Cognitive Engagement in Active CyberDefense
Contributing USMA Research Unit(s)
Army Cyber Institute
Cybersecurity is traditionally seen as an asymmetrical relationship between adversaries and defenders, however recent research has attempted to reverse this trend by operationalizing cognitive engagement for the purpose of enhancing adversary attribution. In a traditional networked environment, adversaries have low risk (low chance of getting caught) and potentially high reward (getting high-level access to privileged information), while defenders have a large attack surface to cover (all internal and external network access) and limited resources (computing and manpower) with which to defend their resources. Using deceptive techniques within networks allows defenders to better attribute attack behavior, which allows for increased data gathering and more targeted interventions. We discuss attribution techniques including the use of game theory and deception to maximize adversary interaction in a safer networked environment.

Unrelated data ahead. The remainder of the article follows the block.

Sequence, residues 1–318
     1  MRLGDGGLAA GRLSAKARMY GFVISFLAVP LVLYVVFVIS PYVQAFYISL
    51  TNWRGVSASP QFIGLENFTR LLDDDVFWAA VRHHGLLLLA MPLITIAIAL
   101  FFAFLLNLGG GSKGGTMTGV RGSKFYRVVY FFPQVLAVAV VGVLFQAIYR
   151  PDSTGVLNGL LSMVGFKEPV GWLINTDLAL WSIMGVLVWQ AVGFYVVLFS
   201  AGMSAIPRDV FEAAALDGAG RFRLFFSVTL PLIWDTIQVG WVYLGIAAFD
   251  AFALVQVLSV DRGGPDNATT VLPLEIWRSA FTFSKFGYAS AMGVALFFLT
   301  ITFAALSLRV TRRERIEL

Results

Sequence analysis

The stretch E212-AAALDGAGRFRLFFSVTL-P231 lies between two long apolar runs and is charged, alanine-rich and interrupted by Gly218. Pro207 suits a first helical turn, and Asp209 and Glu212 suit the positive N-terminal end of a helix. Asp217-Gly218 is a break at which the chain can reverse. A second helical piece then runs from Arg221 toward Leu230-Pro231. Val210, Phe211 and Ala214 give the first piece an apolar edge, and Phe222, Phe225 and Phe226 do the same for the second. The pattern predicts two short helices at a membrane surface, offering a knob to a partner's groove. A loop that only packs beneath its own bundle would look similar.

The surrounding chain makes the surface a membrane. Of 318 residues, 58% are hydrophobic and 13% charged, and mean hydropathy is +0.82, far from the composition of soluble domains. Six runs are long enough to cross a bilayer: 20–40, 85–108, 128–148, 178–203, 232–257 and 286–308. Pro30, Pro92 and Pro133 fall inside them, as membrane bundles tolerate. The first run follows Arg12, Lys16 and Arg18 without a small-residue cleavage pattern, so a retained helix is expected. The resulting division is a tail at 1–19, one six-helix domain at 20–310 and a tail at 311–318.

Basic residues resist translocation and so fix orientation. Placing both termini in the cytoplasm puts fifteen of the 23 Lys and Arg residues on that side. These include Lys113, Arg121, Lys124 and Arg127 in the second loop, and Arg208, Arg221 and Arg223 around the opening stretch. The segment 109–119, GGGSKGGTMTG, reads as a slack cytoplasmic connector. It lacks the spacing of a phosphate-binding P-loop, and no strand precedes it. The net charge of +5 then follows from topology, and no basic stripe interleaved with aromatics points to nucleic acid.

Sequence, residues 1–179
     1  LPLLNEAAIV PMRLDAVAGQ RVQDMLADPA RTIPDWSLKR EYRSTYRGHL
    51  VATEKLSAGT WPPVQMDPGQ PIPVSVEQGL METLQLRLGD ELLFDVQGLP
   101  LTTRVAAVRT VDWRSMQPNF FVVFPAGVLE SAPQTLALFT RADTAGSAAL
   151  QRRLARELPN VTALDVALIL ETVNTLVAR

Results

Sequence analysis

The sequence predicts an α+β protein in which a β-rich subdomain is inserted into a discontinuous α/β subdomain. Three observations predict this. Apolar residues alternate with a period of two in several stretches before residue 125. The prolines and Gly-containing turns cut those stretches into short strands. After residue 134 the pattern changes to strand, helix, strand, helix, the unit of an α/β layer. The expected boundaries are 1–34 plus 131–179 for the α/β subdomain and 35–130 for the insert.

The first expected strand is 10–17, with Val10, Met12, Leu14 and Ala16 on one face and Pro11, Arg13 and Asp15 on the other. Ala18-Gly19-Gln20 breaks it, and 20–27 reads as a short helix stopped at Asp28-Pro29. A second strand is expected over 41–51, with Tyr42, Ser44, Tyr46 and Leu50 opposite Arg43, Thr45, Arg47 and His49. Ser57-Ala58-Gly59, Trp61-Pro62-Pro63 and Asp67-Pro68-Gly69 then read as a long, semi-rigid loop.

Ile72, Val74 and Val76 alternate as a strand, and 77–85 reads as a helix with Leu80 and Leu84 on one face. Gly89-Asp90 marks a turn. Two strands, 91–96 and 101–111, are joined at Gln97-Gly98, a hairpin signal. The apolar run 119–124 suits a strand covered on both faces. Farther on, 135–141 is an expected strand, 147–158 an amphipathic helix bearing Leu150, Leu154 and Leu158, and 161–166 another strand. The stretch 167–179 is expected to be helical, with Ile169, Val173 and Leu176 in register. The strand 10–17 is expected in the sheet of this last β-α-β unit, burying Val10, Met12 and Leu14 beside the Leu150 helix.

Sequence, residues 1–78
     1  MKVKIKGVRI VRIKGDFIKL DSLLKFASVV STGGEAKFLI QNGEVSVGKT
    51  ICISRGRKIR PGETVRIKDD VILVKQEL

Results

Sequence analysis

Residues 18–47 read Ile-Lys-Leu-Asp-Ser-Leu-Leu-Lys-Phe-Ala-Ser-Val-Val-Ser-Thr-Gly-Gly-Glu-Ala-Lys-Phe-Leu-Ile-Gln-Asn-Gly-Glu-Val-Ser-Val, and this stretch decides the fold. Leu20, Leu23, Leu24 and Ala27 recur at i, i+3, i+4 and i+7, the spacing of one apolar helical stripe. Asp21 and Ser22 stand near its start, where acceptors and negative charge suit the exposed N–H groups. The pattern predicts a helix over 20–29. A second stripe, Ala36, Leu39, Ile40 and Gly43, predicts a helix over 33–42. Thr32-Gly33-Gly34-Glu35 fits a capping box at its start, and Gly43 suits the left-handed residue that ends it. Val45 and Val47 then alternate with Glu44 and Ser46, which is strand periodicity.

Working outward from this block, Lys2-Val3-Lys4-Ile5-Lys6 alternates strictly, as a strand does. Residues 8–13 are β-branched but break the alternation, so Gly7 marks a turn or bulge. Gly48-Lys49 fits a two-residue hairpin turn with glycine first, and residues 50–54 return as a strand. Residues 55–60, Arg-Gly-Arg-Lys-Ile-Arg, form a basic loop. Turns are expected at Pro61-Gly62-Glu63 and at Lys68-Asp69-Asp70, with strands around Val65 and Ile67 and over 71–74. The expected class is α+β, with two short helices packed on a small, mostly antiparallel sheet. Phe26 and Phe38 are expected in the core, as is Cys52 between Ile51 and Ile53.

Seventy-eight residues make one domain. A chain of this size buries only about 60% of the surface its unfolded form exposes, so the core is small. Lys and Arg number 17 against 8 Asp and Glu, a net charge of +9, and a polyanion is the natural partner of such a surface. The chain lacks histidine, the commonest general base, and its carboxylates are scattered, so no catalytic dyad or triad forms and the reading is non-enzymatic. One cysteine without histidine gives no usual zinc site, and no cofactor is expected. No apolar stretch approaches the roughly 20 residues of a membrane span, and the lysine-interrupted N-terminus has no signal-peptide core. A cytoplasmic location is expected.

Thomson, Robert, "Cognitive Engagement in Active CyberDefense" (2016). ACI Technical Reports. 9.